Friday, November 12, 2004


For those of you who may be unfamiliar with these, I am posting four famous photos taken during the Vietnam war that polarized a country as never before, and which I think are a harrowing representation and a symbolism of the brutality, futility and heart-breaking devastation of war. All the journalists who took these photos won Pulitzer prizes for their portrayal. All the images depict the all-important role that the media can play during conflict. In the end, I think that words cannot do justice, and all we have to do is to see and never forget.

1. June 11, 1963, Saigon, South Vietnam. A Buddhist monk, Thich Quang Duc, immolates himself in protest against the atrocities which the South Vietnamese Government is perpetuating against religious monks. I was horrified to see the composure of the man walking behind him, who still seems to be searching for his cigarette lighter.

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2. February 1, 1968. A South Vietnamese police chief summarily executes a man suspected to have killed eight people. Another iconic image that helped sway public opinion in the US against the war. Journalist Eddie Adams took the picture.

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3. Kent State University, OH, May 4th, 1970. The National Guard, in their attempt to dispel an anti-war rally, open fire. Four students are killed. Mary Ann Vecchio, shattered, kneels over the body of Jeffrey Miller, one of the students just killed. Journalist John Filo who took the photo was a student at Kent State at the time. Ironically, one of the unfortunate students was not even participating in the protest, just observing.

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4. June 8th, 1972. Trang Bang, Vietnam. A napalm bomb was dropped by the US Air-Force on this village, suspected to be harbouring insurgent Viet-Cong guerillas. Napalm is an incendiary which consists of gasoline mixed with palm oil and aluminum powder. It's notorious for burning intensely, but slowly. This picture, probably the most enduring of the war, shows a little girl named Kim Phuc Phan Thi running naked on the road along with other children, away from the onslaught of the bombing. She had been severely burned. Photographer Nick Ut of the Associated Press took this photo, and also promptly took her to a hospital.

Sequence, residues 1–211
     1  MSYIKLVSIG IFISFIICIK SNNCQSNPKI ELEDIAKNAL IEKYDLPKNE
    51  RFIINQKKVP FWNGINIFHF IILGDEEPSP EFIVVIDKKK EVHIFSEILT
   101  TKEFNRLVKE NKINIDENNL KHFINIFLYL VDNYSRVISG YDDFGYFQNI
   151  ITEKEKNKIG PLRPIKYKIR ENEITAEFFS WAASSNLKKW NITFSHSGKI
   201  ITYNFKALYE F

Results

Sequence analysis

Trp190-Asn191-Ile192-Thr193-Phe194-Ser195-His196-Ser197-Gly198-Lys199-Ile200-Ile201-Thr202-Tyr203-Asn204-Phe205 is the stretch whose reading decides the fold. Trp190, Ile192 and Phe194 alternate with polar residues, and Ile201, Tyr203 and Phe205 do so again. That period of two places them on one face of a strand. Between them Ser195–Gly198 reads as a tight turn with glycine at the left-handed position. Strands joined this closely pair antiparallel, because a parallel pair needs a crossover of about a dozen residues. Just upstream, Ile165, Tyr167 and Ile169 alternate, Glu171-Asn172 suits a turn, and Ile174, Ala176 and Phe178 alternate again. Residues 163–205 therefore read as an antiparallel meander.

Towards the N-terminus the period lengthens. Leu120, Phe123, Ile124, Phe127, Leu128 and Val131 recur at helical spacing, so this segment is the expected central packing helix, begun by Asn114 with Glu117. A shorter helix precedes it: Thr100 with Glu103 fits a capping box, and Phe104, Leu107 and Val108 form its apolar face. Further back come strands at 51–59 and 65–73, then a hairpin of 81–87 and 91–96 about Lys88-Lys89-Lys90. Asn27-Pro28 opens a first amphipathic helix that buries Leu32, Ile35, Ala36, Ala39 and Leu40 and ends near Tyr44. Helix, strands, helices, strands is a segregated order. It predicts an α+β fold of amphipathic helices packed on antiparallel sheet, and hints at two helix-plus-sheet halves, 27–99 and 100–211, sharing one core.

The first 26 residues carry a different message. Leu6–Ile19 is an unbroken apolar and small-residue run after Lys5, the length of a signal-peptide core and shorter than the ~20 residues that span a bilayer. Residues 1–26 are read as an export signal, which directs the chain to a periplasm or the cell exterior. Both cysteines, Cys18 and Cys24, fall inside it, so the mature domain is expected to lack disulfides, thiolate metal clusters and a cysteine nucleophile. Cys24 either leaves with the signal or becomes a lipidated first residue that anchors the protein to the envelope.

By 1997 Thi had forgiven the bomber pilot and was named a UNESCO goodwill ambassador.

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Blogger Sumedha said...

I recently read an article about the tracing of the 'Afghan girl'who was on the cover page of National Geographic many years ago, during the Soviet occupation.
Her eyes had seemed to express all the suffering and anger of the Afghans. The story of her life, as we know it today, is as sad as that of any other Afghan woman...

6:53 AM  
Blogger Ashutosh said...

I remember the picture you are talking about. It was riveting to say the least.

7:28 AM  
Blogger Hirak said...

There was an interesting quiz conducted in which the current images of these people in famous photos were shown and the connection to be identified.
Shall see if I can come across the link. It had Kim Phuc Phan Thi and the NG Afghan woman. It seems that NG was deluged with requests for people wanting to know her name and address, because they wanted to marry her.
If a picture is worth a thousand words, then why even write?

9:03 PM  
Blogger Anirudh Garg said...

You have a super informative blog.
I *have* to drop in often and check out what you have posted next.. Is it ok if I link you on my blog ?
You have interesting comments on the election too. If interested do drop in on my blog to see some cool election maps.

I do remember seeing the second and the last photograph in several places. I think it was in a Pulitzer Prize winning photographgs museum that I visited..
I remember the photo of the Afghani woman too, she was recently revisited by the NG crew too, to see how she has done through the years ..

2:24 PM  

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